Just another fad diet that does provide useful suggestions, but like all fad diets, it restricts things unnecessarily. To tell someone that they should eat bacon (or any red or processed meat) and not whole grains is ridiculous for example. Also, there are carbohydrates not only in all fruits, but vegetables as well. Let's chill with the no carb stuff, unless we never leave the couch and need no energy ever.

The Great British Baking Show has had a number of shows over the years which required contestants to make savory baked goods. Search the show online with "savory" added to the show title in the search box.

This is not limited to the newer, mover powerful models - my ancient Oster has small containers for small jobs too. It's just more efficient!

I've been a vegetarian for 20 years and when people ask why vegetarians eat fake meat I say it's for the texture . It's hard to get that texture otherwise and sometimes I crave it. I was born in 1967 and have wonderful memories of watching in GG with mum. Both my parents were good cooks - mum on the gourmet end, dad more hmmm what's in the fridge.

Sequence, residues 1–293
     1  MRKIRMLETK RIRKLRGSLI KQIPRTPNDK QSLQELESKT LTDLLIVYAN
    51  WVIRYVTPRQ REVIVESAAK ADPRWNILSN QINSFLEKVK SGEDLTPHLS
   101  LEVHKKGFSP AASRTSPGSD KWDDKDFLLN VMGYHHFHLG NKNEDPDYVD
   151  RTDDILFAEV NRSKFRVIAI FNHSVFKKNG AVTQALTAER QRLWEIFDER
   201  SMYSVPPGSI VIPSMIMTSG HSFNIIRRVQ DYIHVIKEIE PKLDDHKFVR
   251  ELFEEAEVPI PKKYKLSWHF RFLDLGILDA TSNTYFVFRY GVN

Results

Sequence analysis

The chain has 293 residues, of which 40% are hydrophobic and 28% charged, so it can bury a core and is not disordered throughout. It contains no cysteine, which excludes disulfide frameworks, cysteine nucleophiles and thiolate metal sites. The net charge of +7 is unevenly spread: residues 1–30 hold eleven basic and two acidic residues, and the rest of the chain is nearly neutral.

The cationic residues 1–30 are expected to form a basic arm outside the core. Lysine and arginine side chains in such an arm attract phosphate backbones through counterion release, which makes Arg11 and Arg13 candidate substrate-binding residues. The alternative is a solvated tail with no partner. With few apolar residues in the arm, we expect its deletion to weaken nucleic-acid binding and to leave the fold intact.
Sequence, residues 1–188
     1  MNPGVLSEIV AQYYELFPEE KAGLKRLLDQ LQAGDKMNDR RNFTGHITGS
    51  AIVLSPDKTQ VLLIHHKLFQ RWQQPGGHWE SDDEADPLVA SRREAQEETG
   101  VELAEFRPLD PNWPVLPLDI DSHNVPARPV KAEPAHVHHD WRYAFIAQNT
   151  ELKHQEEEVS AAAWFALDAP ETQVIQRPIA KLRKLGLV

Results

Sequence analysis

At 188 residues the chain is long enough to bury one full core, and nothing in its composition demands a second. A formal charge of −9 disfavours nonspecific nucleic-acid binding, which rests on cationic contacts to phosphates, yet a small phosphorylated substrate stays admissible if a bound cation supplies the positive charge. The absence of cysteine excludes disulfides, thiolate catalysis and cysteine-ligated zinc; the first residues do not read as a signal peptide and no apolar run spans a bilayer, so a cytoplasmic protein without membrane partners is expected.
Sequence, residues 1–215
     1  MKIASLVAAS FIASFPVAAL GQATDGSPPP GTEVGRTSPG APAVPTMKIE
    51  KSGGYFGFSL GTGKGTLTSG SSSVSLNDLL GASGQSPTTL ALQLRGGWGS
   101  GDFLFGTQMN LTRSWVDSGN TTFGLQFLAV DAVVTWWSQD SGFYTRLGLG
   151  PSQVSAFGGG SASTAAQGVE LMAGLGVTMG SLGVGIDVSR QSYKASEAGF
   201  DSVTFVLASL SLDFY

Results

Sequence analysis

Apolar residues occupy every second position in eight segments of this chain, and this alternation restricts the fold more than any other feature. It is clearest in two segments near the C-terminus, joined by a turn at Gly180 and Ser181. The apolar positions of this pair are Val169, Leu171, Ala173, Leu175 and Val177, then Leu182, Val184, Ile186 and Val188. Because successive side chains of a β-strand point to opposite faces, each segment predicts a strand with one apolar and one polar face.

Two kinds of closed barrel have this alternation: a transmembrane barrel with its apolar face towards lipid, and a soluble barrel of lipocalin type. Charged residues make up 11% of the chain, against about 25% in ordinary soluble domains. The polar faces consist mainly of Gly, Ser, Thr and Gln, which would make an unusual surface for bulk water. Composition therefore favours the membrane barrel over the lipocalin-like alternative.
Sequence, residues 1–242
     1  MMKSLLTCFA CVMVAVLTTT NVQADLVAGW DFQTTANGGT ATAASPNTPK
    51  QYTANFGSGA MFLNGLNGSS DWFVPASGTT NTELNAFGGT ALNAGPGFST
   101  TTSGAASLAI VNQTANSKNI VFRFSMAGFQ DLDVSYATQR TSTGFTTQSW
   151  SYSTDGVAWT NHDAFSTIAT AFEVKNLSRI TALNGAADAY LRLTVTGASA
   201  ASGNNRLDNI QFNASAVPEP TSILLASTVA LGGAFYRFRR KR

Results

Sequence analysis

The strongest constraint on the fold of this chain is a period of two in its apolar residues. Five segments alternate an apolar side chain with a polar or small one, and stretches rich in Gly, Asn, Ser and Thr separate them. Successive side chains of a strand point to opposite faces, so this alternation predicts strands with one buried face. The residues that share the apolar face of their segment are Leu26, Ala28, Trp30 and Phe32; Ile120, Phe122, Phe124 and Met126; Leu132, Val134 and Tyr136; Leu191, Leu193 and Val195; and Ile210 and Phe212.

I think we've found the dividing line between who can handle a bit of mess in the kitchen and who can't! I'm firmly in the spoon holder camp.

When I was 14 in 1966, I had eye surgery and so could do little but watch TV for a long time. The Galloping Gourmet was one of the highlights in my dull day. There was a lot of humor in it, but I think I absorbed a lesson, earlier taught by my mother and grandmother, that cooking should not be a chore. The show emphasized aking a meal to share with others brings people together. I also learned that, for a lot of cooking, a recipe is just a guide, that one can adjust seasoning to taste, and that, when a mistake happens, just go with it and carry on. Precsion does have its place in the kitchen sometimes (like baking) but too much takes the fun out of the connection that is shared with food. Thank you, Mr. Kerr, for the joy you dhared with us.

PLEASE do not deprive yourself of serving clotted cream for your scones. But be careful... it's as addictive as any controlled substance and SO habit forming that you will not be able to eat scones without it.